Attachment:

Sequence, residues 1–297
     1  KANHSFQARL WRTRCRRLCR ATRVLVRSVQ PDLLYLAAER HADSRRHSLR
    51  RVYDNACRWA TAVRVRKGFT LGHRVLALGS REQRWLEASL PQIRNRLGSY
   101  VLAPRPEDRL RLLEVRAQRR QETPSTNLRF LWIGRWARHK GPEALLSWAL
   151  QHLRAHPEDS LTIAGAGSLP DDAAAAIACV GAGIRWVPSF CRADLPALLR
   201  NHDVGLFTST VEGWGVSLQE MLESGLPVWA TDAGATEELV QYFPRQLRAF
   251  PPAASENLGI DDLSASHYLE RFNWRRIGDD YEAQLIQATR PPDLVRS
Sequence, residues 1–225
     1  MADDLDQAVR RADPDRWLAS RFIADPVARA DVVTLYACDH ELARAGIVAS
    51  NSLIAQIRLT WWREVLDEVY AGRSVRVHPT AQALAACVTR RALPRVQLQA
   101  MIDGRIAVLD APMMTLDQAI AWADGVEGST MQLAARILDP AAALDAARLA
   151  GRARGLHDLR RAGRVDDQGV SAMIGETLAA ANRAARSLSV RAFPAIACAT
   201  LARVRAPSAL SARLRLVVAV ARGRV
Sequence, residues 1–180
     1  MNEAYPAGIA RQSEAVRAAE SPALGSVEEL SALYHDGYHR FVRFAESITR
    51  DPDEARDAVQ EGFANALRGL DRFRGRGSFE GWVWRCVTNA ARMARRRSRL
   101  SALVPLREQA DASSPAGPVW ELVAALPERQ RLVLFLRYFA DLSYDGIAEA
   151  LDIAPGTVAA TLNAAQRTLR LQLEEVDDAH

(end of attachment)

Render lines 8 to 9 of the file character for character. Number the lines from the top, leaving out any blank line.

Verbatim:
Sequence, residues 1–225
     1  MADDLDQAVR RADPDRWLAS RFIADPVARA DVVTLYACDH ELARAGIVAS